April 25, 2010 - 10:00 PM
On Friday, I had the great honor of joining other high-achieving scholars from the University of Oregon at a reception to discuss distinguished scholarship opportunities. The reception was held in the Browsing Room of the Knight Library.
It was a lot of fun being able to come to this event because I was finally able to put a face to several of the amazing people at the UO who helped to find funding for my internship this summer. I also recognized several of my peers, many of which were fellow Honors College students. I found myself very inspired by being in a room with so many incredible people who truly care about good education.
After we had all had time to mingle and grab some snacks, the presentation began. Dave Hubin, Senior Assistant to the President, spoke and introduced all of us to the new webpage for information on distinguished scholarships. Dr. Hubin has a true investment in increasing the amount of support available to students who wish to pursue these types of prestigious scholarships.
Next, we heard from President Richard Lariviere . President Lariviere also expressed an interest in helping high achieving students like ourselves be successful with these scholarships. He also recognized some of this year's distinguished scholars. I was very honored and humbled to have been recognized. Along with myself, the following other students were acknowledged for their achievements this year: Patricia McQueen (Goldwater recipient), Tamela Maciel (Marshall recipient), Ben Eckstein (Truman finalist), and Robbie McNulty (Hollings recipient).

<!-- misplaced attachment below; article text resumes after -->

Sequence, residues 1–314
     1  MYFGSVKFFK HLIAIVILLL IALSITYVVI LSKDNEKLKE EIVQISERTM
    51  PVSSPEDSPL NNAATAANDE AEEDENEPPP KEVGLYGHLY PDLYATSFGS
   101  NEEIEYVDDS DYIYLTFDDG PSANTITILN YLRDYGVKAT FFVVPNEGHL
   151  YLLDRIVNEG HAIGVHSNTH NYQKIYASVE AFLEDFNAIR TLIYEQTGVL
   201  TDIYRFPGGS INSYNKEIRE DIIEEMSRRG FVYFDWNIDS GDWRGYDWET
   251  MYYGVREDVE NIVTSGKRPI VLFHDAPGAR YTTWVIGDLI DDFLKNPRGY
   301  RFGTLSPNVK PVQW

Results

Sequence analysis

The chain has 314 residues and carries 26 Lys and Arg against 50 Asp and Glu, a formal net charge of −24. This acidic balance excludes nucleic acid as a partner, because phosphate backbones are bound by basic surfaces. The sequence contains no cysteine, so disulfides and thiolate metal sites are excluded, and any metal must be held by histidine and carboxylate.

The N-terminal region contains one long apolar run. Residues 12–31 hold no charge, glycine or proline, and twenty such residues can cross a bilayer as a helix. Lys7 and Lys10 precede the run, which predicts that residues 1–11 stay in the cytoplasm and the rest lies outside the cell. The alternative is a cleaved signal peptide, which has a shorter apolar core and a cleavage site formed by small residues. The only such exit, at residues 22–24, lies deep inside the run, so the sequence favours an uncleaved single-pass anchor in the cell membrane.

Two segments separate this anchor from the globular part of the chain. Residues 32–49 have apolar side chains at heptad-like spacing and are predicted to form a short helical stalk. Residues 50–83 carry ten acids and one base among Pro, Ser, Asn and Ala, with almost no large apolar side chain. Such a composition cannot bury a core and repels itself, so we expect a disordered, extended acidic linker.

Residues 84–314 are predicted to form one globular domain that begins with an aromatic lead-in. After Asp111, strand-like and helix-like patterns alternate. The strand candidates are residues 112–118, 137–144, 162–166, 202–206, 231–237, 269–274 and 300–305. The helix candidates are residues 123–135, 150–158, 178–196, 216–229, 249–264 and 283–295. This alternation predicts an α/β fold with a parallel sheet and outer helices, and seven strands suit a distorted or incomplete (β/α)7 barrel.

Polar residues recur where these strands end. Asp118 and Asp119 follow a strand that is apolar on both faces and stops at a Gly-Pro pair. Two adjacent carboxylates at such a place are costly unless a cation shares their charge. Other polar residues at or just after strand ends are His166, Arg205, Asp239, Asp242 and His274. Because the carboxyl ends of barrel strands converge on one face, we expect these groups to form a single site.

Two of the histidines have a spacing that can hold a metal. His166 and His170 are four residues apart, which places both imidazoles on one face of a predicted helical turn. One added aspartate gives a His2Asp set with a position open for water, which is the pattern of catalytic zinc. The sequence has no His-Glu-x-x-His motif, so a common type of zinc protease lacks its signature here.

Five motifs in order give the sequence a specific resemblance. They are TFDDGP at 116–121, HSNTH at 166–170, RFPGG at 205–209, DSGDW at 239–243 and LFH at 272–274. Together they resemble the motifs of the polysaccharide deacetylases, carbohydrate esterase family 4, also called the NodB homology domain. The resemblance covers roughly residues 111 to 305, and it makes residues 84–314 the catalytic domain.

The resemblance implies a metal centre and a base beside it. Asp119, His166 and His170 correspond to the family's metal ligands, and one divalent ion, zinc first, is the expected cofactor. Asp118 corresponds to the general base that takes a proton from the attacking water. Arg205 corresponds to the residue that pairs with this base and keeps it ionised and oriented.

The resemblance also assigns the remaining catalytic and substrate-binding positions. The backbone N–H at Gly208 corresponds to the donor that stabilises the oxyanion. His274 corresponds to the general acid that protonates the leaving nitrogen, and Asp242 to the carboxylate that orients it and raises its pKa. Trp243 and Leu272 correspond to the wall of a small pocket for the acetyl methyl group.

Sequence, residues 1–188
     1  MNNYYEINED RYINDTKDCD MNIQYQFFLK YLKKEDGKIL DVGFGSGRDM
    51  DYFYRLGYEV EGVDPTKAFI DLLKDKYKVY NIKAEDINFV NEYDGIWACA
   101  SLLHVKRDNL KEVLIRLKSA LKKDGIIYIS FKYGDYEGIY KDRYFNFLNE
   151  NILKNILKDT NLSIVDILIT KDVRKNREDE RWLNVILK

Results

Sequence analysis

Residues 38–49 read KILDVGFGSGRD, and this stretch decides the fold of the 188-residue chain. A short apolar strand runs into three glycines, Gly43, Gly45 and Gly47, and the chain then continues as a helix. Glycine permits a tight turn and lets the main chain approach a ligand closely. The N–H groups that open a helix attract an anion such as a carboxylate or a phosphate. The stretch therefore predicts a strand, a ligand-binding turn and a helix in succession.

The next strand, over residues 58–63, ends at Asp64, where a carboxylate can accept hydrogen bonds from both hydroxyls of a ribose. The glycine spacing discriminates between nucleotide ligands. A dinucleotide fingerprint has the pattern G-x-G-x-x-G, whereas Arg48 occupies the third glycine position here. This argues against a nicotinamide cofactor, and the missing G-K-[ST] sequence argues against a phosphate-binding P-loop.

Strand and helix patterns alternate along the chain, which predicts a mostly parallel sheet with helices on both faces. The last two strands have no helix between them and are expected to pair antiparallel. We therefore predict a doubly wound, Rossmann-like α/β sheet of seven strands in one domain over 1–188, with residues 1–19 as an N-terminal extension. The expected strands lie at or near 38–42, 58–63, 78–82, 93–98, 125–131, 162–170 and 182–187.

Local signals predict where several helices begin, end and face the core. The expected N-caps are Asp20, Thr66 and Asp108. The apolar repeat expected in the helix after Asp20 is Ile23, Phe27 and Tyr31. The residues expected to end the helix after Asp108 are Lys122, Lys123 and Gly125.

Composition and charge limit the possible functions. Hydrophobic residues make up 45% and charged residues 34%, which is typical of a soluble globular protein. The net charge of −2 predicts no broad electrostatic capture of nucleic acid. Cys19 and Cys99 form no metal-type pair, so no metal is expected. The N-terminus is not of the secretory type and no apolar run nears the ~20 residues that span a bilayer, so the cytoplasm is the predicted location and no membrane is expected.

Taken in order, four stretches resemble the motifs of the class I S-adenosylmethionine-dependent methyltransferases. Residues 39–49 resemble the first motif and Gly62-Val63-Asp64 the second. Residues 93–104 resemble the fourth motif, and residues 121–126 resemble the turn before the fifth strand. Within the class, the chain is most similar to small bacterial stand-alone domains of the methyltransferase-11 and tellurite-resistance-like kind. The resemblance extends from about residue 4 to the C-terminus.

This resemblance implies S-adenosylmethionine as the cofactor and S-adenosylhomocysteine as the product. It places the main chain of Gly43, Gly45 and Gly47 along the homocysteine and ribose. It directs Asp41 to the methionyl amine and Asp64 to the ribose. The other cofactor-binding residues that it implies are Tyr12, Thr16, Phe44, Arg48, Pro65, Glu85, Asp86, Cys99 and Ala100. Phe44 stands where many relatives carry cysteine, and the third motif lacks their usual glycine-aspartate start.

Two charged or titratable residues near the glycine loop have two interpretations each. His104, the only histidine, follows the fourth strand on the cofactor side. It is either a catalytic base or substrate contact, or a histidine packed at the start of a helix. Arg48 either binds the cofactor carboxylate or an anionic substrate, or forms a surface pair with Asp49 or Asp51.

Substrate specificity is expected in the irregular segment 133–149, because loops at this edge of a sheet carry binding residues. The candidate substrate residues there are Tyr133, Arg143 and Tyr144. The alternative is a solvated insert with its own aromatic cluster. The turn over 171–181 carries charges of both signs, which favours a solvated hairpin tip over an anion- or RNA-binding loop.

The event continued with different speakers who discussed the process for some of the distinguished scholarships students could apply for. Some of the scholarships talked about were the Fulbright, the Marshall, the Mitchell, the Rhodes, the Rotary, the Truman, and the Goldwater. We also learned that there are several others that can be looked at in more detail on the new website.
It was nice to receive this kind of overview on some of the opportunities that are out there. I think it was really important that the speakers continued to mention that students need to think about applying for these types of competitive scholarships at least a year in advance. If I could give advice to incoming freshmen, it would be to start getting involved in a diverse range of activities at the beginning of their time here at the UO. I know that part of my being awarded an internship with The Carter Center was because of my preparation throughout the last four years. I have used my time at the UO to polish my skills and apply them to meaningful work.
At the end of the reception, President Lariviere left us with what he said was his guarantee. He said, "I guarantee you that you will not get one of these scholarships if you do not apply." This made me think about my application process with The Carter Center. I remember having doubts about applying for it because I knew it was competitive and a long shot. If I had not applied for the position, I would not be going to Atlanta this summer to meet a former president.
Overall, I think that the reception was a great start to encouraging more students to consider these types of academic programs. I hope to see these types of efforts in the University expand within the upcoming years.
The UO is not technically an "Ivy League" school, but it has a pool of talented students that is undeniably comparable. I would love to see more Ducks receive these honors.